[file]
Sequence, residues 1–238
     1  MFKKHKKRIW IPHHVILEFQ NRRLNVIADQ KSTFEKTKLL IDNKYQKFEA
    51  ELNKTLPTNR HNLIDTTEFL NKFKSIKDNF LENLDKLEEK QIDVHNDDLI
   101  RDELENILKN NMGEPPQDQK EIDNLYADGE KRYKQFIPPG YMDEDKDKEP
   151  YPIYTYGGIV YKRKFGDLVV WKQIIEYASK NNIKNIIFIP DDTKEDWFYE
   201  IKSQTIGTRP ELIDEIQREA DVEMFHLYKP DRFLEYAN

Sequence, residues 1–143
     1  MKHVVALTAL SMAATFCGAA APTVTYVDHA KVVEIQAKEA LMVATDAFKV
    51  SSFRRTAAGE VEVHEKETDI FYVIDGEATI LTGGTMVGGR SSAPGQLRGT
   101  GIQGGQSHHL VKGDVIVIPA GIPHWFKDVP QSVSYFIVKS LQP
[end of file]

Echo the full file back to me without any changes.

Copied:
Sequence, residues 1–238
     1  MFKKHKKRIW IPHHVILEFQ NRRLNVIADQ KSTFEKTKLL IDNKYQKFEA
    51  ELNKTLPTNR HNLIDTTEFL NKFKSIKDNF LENLDKLEEK QIDVHNDDLI
   101  RDELENILKN NMGEPPQDQK EIDNLYADGE KRYKQFIPPG YMDEDKDKEP
   151  YPIYTYGGIV YKRKFGDLVV WKQIIEYASK NNIKNIIFIP DDTKEDWFYE
   201  IKSQTIGTRP ELIDEIQREA DVEMFHLYKP DRFLEYAN

Sequence, residues 1–143
     1  MKHVVALTAL SMAATFCGAA APTVTYVDHA KVVEIQAKEA LMVATDAFKV
    51  SSFRRTAAGE VEVHEKETDI FYVIDGEATI LTGGTMVGGR SSAPGQLRGT
   101  GIQGGQSHHL VKGDVIVIPA GIPHWFKDVP QSVSYFIVKS LQP